How we can fight the fires of climate change

Climate action

Dr Joe Fontaine explains what it will take to get carbon out of our energy system and avert ecological collapse, the twin challenges of our times.

We have been very fortunate here in WA to be buffered from the pandemic and global economic turbulence by our relative isolation and high commodity prices.

While it’s been a huge benefit, this buffering and isolation also make it harder to take warnings seriously at times. Right now, the climate demands our attention, engagement and action.

If we get our sustainability efforts even close to right, we will be a global leader. But if we drag our feet, we will fulfill the stereotype of WA -- waiting awhile.

Getting the carbon out of our energy system and averting ecological collapse are the twin challenges of our times.

The regions and countries that are first to de-carbonise energy will be economically dominant for decades to come. Renewable energy is now cheaper than fossil energy and has zero marginal cost.

Once it is set up, there are no further inputs like gas or coal which are vulnerable to global markets and associated supply constraints. Just look at energy costs on the east coast.

The energy grid serving the southwest is the largest isolated grid in the world. That comes with challenges, but also the opportunity to get out of carbon more quickly. 

The state government has announced the closure of the Muja power plant and construction of a battery at Kwinana, but could move much faster.

The energy grid in the northwest is a global leader in the technology required to decarbonise the grid – with batteries, new forms of grid management and infrastructure. The southwest can do this too and we can encourage our government to move with greater speed and priority.

The parallel challenge of our time is to avoid ecological collapse of the systems that sustain us. We have all seen the fires and floods in the eastern states and the flow-on effects to our economy. The adage of ‘ultimately all politics is local’ applies equally to how we approach environmental management.

I am a fire scientist and have observed how, in our own region, we face myriad challenges managing fire. The poster child is the decades old debate surrounding prescribed burning. Concerns are raised, sides form, views harden, and arguments go round and round for decades.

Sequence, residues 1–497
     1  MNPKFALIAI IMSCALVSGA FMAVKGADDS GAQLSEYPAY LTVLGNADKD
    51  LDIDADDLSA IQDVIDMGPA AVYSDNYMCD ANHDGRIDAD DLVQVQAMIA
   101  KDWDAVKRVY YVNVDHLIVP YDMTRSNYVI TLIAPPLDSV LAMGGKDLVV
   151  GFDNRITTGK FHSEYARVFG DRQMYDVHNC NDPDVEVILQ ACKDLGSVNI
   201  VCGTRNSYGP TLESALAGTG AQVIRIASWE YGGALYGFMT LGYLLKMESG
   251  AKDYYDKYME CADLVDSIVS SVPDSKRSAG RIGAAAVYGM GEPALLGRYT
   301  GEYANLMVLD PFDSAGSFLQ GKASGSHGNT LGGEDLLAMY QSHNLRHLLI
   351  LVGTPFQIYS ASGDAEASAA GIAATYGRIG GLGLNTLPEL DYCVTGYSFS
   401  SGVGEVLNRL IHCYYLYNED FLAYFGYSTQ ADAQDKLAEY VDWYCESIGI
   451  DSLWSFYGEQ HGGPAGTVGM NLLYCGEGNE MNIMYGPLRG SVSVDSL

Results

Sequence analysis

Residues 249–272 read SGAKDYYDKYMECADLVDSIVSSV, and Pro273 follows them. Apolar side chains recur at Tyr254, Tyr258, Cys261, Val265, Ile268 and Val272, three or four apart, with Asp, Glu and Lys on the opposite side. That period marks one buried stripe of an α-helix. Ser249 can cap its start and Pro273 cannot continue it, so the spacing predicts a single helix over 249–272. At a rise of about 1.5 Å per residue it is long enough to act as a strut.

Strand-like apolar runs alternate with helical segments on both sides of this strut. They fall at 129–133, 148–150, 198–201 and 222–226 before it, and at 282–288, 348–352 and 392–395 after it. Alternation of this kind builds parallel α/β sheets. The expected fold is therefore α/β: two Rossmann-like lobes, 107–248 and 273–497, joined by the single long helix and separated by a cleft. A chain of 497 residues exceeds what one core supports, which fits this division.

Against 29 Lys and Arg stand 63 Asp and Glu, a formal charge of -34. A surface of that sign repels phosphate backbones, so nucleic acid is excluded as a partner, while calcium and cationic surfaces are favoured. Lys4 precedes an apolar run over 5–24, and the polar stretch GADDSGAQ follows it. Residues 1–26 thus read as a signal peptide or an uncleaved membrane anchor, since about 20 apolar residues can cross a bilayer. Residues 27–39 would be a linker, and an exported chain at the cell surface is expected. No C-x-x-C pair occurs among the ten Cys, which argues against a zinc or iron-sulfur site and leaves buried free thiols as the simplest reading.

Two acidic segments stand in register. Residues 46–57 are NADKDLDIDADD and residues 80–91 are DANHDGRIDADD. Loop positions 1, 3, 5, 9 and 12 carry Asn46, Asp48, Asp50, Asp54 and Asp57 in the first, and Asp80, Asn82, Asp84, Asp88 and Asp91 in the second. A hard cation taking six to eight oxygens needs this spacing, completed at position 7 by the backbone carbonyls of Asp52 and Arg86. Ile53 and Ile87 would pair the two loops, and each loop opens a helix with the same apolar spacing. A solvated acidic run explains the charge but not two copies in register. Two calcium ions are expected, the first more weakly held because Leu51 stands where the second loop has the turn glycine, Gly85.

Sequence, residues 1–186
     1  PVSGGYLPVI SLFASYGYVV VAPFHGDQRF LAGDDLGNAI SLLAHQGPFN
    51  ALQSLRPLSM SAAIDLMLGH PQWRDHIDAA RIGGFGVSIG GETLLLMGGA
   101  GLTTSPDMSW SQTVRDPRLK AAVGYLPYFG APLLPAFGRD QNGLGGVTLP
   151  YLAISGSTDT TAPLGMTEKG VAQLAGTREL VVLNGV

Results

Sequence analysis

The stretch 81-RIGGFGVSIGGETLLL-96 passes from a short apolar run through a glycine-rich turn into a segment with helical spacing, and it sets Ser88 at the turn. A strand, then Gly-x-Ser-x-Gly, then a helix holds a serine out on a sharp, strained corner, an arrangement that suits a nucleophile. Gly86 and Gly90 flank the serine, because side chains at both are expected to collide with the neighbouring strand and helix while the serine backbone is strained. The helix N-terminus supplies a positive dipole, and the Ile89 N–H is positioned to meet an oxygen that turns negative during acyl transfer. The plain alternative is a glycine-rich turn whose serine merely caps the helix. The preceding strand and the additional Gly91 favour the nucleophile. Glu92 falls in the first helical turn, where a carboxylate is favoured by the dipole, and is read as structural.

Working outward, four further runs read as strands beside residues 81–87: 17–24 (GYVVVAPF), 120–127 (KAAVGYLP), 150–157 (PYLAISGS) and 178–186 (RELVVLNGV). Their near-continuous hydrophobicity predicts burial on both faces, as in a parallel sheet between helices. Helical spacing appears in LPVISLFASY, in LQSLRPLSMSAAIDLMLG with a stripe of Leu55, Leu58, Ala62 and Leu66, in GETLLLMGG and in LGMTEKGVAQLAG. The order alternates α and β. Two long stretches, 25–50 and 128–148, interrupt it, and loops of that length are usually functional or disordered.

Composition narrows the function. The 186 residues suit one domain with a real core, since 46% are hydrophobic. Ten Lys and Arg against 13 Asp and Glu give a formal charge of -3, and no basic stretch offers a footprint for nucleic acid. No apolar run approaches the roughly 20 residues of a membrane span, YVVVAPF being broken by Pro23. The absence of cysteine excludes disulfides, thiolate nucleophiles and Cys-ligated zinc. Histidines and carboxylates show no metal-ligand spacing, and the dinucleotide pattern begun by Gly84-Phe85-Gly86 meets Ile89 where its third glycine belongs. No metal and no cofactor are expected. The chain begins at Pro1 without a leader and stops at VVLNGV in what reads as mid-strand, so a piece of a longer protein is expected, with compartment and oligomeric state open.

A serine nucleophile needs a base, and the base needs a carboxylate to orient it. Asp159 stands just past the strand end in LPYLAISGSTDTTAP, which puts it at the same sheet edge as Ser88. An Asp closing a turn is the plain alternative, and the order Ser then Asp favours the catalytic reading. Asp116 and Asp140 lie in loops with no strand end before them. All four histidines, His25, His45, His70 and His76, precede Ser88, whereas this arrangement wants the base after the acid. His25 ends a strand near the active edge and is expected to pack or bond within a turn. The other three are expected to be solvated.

This leaves us caught on a seesaw of arguments while little changes, global heating progresses, more people live adjacent to fire-prone areas, and environmental conditions become increasingly dire.

The recent summers of devastating bushfires have drawn a big thick line underneath the gaping holes in our knowledge and capacity.

An engaged community can change this. We can demand transparency, cooperation, and proper knowledge to inform the discussion and progress our understanding. This is what will drive the relationships required and evolution of fire management tools.

Right now, we are working with on-ground operations, state and indigenous partners, right through to high levels of government to develop the solutions. But more must be done, and all parts of our community can contribute.

The public can and should demand more of their elected leaders. Our businesses can deliver on their environmental sustainability obligations. And our universities and education system can continue to build the capacity we need to tackle these challenges.

We have the ability, range of climates and frequency of fires in WA to export critical knowledge and management practices to the world.

Our isolation is not a barrier, but an opportunity to lead this change.

- By Dr Joe Fontaine

Top image: Murdoch University ecology students examining a fire site with Dr Joe Fontaine, centre.

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Posted on:

7 Dec 2022


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